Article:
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Observations: My guitar rocks on. Should I gently weep?

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image ASIA’s guitar player, Grammy Award winner, Bruce Bouillet on stage in Minneapolis. A few months ago, that guitar was sitting neglected in my closet. Tom Wallace Photo

My guitar has gone on to better things than I have.


When I was in high school, I took a class entitled Death and Dying. As part of the final exam, students had to plan their own funerals in complete detail. In my funeral plan, I listed the usual stuff such as friends I would like to have as pallbearers and the clothes I should be dressed in, but I had one unusual request: I wanted to be buried with my 1972 Gibson Les Paul Deluxe guitar.

As I grew older and developed a modicum of maturity, I realized that it would be a near-criminal waste of a fine instrument to bury it with my dead body. But I kept the guitar. As the years went by, I played it less and it sat in a closet more, something that struck me as also near criminal.

At the beginning of July, I traded it to a good friend of mine, a very successful photographer, for a bunch of camera gear. I knew that he loved the guitar and I needed to upgrade my cameras to be ready for the launch of the space shuttle Atlantis, the historic last shuttle launch. At the time, I thought it would be worth it.

Atlantis, of course, launched successfully and I got my photos — one of which ran five columns on an inside page using what is called spot color. It wasn’t full color, just black, white and blue. The night before the launch, I slept in my car in the parking lot at the Kennedy Space Center press site. Due to the massive influx of worldwide media, we were told that if we left, we might not be able to get back in. As the sun rose hours before the launch, I set up three still cameras ranging from wide angle to extreme telephoto, and a video camera. Everything worked flawlessly, and it was a thrill to see the space shuttle lift off for the heavens.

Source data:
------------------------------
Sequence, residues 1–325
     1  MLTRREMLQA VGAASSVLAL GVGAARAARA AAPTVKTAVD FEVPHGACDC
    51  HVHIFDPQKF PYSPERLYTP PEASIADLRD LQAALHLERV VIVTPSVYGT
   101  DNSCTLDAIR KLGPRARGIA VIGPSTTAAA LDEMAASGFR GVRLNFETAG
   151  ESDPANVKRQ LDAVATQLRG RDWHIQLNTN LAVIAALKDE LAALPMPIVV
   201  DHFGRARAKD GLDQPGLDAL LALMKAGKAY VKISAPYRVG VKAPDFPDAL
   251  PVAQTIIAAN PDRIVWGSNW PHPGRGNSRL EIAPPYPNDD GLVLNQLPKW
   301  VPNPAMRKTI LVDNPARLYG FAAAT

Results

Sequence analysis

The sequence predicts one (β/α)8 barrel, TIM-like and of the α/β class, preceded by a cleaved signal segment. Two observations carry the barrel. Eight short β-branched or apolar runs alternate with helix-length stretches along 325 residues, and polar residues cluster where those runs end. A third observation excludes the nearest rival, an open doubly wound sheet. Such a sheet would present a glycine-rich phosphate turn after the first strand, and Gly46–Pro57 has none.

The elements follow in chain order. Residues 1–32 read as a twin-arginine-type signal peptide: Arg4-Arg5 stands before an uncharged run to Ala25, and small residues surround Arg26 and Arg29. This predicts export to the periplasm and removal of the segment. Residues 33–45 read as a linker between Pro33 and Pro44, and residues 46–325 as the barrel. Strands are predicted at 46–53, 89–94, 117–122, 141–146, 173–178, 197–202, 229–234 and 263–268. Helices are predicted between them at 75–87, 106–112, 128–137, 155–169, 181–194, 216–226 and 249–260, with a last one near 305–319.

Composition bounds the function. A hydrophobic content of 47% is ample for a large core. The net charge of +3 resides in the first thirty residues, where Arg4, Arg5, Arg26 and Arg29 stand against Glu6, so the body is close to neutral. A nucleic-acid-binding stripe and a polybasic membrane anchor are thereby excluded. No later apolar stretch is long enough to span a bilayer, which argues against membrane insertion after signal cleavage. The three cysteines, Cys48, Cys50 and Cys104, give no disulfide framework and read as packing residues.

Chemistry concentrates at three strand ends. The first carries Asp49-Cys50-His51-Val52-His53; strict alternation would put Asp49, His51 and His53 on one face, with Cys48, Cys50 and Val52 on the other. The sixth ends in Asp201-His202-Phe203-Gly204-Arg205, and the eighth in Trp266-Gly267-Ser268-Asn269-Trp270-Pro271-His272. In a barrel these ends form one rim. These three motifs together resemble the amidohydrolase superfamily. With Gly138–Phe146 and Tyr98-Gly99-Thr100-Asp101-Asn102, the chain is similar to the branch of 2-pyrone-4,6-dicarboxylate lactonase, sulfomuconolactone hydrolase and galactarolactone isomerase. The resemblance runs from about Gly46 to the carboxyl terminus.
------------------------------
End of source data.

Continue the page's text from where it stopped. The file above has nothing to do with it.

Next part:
But then it was over, and I realized that for the first time since I was 13 years old, I didn’t own an electric guitar. I’ve written in the past about how my wife Michelle changed all of that, bringing home a relatively inexpensive guitar she noticed me admiring on a website. But that was my story — my old guitar’s story is more interesting.

My friend handed the guitar off to a luthier (a guitar builder / artisan) for a complete refurbishment. The luthier ended up replacing the bridge, pulling off and replacing each and every fret, and replacing the nut (the string guide near the top of the neck). He also refinished places where the varnish had worn off and filled a few holes for a guitar strap that had been there since I bought the guitar in 1980.

His work (and the guitar) was so spectacular that the entire refurbishment ran as a three-part series in Premiere Guitar Magazine. And then there was the kicker:  my friend posted a photo of Grammy-award winning guitarist Bruce Bouillet playing it onstage with the rock band ASIA. My old guitar — the one that I had planned to be buried with, the one that spent a few decades sitting in a closet — was onstage.

It seems my guitar has gone on to better things than I have.

I have a question for everyone who reads this column, and I hope you will take the time to respond. I hope to hear from both older readers who can provide some perspective and younger readers who can provide some up-to-the-minute reality on modern-day life. My question is “Has your life turned out the way you expected it would?”

How I’ve envisioned my life has shifted over the years. In truth, I no longer remember what the younger me expected my life would be, but I know with certainty that this isn’t it. I expected something more from myself. I expected accomplishments and success that I don’t feel have materialized. And now as I approach my fifth decade, I am finding that I need to reconcile the fact that the dreamy, nebulous success and accomplishments may never materialize. I may not have enough time left. That isn’t a complaint, mind you, it is simply a…discomfort. I have a wonderful wife, a good job, I live indoors and have a few toys, and I can buy groceries. I am blessed.

CBS News recently ran a feature about families in Florida who have lost their homes to foreclosure, have run out of money for motels, have given up on overcrowded homeless shelters and are now living in their cars. No one knows how many people are living that way, but I think it can be assumed the number is frighteningly high. Whole families who have never before been homeless are living in their vehicle, that is reality today, particularly here in Florida.

In light of that, I’d slap myself silly before allowing myself to whine about my lot in life. Even if it all collapsed today, on the whole I’ve been an extremely lucky guy. Yet sometimes I feel as though I am in the wrong place, but I have no idea where the right place is. Am I alone in that feeling?

The guitar that only a few months ago was sitting in my closet has made it big. Bruce Bouillet only borrowed it for the ASIA concert in Minneapolis but, knowing my friend, I have a feeling it will go on to even bigger and better things.
Hmmm…if it can do it, perhaps it’s not too late for me. I’m not sure where the right place is, but I feel it might be nearby. I guess I’ll keep looking. Are you still looking?  Are you there?  I’d love to hear from you.

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